And the men? Famously, during the early 1800s, the Patronesses of Almack’s decreed no pantaloons:
From this engraving, one would think the men were wearing leggings. Look how tightly molded the fabric is to the legs and how cinched the waist of Brummel’s vest! In The Beaux of the Regency, Volume 1 By Lewis Saul Benjamin, he recounts that the introduction of the waltz nearly brought Almack’s to its knees. The Volse, a German dance was enjoyed in the country. “[I]n The Times of February 19, 1978, we read: ‘The balls at Southampton are exceedingly lively and well-attended. The young ladies are particularly favorable to a German dance, called the Volse: for squeezing, hugging, etc., it is excellent and more than one Lady has actually fainted in the middle of it.”
As for the interiors, a famous interior decorator and furniture designer by the name of Thomas Hope is often paired with the Regency period. Egyptian motifs were extremely popular:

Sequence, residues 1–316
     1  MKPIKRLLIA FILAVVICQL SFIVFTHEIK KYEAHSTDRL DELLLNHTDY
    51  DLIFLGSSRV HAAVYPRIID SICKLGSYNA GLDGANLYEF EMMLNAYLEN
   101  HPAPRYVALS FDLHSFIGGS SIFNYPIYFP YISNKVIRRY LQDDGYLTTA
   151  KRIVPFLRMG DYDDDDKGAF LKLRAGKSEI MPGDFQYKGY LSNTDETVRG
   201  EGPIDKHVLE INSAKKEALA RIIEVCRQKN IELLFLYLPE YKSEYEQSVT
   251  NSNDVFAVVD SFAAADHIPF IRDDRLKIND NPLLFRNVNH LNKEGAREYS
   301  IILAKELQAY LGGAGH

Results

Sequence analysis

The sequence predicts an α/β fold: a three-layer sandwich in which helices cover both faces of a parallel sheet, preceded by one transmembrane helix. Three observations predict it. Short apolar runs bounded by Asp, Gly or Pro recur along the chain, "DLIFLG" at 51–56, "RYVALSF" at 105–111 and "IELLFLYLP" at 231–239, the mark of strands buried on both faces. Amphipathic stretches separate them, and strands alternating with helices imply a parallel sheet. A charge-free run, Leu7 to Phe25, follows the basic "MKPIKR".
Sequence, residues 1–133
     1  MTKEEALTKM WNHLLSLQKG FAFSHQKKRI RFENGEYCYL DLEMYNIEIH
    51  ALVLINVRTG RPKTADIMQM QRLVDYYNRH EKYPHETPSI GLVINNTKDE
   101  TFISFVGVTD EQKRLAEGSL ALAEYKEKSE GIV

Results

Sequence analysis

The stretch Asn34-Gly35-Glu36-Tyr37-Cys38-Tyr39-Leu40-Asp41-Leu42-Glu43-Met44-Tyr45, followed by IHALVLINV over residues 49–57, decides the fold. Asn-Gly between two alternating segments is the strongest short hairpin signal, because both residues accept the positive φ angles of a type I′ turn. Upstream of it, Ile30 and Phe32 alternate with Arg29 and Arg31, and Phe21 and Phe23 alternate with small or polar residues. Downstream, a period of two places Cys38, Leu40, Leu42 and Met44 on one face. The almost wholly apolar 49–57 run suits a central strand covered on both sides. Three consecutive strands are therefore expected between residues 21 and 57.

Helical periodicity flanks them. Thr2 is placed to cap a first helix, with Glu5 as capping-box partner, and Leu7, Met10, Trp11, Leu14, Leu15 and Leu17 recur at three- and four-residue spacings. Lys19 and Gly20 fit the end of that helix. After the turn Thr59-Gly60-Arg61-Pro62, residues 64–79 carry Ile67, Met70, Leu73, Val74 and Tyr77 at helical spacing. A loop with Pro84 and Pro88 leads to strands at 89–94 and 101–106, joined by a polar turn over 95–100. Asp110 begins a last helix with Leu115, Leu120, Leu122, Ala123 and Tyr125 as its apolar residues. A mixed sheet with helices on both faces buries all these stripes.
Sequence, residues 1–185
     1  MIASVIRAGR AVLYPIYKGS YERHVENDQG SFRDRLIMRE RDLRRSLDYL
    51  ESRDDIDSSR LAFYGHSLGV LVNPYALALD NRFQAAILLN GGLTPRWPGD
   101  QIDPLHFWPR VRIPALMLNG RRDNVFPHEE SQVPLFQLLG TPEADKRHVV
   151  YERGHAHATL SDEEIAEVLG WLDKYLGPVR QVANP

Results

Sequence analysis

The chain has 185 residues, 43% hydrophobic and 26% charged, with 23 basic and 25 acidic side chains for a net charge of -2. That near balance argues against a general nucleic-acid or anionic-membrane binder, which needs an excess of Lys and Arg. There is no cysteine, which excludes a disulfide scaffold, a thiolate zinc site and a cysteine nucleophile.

This extravaganza, according to Brittanica, was the bedroom of Prince Regent, later King George IV:
This is a lovely Regency tour, Jane. May I also recommend pinterest for historical inspiration.
I’m a fan of the 1730s myself. Here is a great collection of Early Georgian clothing:
@Catherine Lawrence: Oh yeah, the early 18th century. Now we’re cooking with gas. Love the link. And now I know what clocked stockings actually look like!
Thank you for sharing these pictures. I read a lot of Regency novels.
Oh now I’ve got to go read my favorite Regencies since I have visuals to go with them now.
Thanks for these – they do indeed help me picture the things I read about.